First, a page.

Simply put The Doors got back down to business and went back to basics. Make no mistake, Morrison Hotel was not a regression, if anything it was a quick step back to take a giant leap forward. “Roadhouse Blues” set the tone with its marching riff, bar room piano line, its vivacious horns and Robby Krieger’s free wheeling rock-a-billy solo, which saw the guitarist going head to head with a metronomic blast of stabbing piano.
Not to be out done Morrison appeared inspired as if he was channelling the energy of his band mates as he cried “Let It Roll Baby, Roll”. Of course he still found room to be eerily prophetic as the track’s final line declared; “I Woke Up This Morning, I Got Myself A Beer; The Future’s Uncertain And The End Is Always Near”.
This raw sprawling blues suited Morrison’s rapidly deteriorating voice adding a real sense of desperation to The Doors’ work. As a band they were still getting used to featuring a bass player and Morrison Hotel saw them call upon blues legend Lonnie Mack whose creeping lines merged perfectly with Krieger’s raw but ever improving guitar work and Ray Mazaneks ominous keys.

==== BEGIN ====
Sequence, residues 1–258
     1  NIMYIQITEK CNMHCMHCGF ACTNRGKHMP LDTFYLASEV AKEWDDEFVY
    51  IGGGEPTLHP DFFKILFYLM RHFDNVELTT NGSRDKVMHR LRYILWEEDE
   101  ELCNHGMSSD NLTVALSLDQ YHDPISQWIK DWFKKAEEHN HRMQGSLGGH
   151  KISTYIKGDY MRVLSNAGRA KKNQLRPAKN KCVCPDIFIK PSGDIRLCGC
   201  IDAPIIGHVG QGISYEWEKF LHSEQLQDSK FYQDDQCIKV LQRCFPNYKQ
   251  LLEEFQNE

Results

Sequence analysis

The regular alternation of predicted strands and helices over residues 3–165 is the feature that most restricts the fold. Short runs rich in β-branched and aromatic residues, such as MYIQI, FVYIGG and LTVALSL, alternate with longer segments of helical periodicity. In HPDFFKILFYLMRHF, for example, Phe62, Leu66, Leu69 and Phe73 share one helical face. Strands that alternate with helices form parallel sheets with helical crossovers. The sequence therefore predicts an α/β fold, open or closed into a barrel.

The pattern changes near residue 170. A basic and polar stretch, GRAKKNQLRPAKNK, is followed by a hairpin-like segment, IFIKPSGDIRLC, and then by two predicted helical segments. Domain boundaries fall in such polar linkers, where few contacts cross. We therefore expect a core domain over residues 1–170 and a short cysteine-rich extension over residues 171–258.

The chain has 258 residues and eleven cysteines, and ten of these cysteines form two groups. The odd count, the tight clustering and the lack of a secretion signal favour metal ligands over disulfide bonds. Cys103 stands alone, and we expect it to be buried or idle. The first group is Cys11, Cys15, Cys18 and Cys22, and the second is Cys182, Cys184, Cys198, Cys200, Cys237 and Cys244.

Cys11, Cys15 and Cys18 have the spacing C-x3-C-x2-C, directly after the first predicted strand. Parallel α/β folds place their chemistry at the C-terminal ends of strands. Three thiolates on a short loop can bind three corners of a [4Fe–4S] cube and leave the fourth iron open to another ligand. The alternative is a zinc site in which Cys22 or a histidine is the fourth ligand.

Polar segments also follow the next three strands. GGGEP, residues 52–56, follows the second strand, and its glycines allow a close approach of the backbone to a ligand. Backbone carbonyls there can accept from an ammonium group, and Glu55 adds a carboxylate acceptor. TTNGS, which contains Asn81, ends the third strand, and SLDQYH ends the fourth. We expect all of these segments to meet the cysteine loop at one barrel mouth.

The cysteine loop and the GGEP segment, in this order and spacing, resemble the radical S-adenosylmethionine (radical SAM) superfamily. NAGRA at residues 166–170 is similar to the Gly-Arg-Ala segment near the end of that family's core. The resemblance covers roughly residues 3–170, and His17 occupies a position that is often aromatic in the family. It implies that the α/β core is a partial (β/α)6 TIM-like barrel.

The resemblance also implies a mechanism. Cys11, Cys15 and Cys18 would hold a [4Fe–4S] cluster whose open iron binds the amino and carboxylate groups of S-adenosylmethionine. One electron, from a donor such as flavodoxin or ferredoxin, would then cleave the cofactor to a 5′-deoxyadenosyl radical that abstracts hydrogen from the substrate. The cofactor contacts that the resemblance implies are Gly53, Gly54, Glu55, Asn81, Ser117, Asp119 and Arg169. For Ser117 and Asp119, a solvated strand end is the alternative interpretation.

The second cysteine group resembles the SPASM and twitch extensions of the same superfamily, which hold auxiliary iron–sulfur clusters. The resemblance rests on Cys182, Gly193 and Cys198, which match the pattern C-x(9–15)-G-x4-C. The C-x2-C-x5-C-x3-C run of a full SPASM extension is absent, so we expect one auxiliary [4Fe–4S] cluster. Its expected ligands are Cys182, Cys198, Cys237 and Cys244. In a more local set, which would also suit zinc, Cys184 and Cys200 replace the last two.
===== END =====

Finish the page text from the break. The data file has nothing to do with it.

As tends to be the case with forgotten classics there is always that one track which should have been a number one single and Morrison Hotel is no exception. “Peace Frog” is quite possibly the best track The Doors ever wrote. Built on a scratchy riff and an uneasy burst of electric piano, “Peace Frog” sees Morrison unleash a snarling encapsulation of the violence of the age, before dropping into the dreamy “Blue Sunday”.
Morrison Hotel then enters what is often viewed as its pretentious half, which despite some major miss fires (“Maggie M’Gill”) features the implausibly enjoyable “Land Ho!” and insalubriously sexy “Queen Of The Highway”.
Music history has defined Morrison Hotel as the moment The Doors got back to being a loose rock band; however this couldn’t be any further from the truth. The organic blues of Morrison Hotel was actually the product of the meticulous perfectionism of producer Paul Rothchild. The deluxe edition of Morrison Hotel reveals a driven producer forcing a drunken, rambling Morrison to repeat tracks over and over and over again.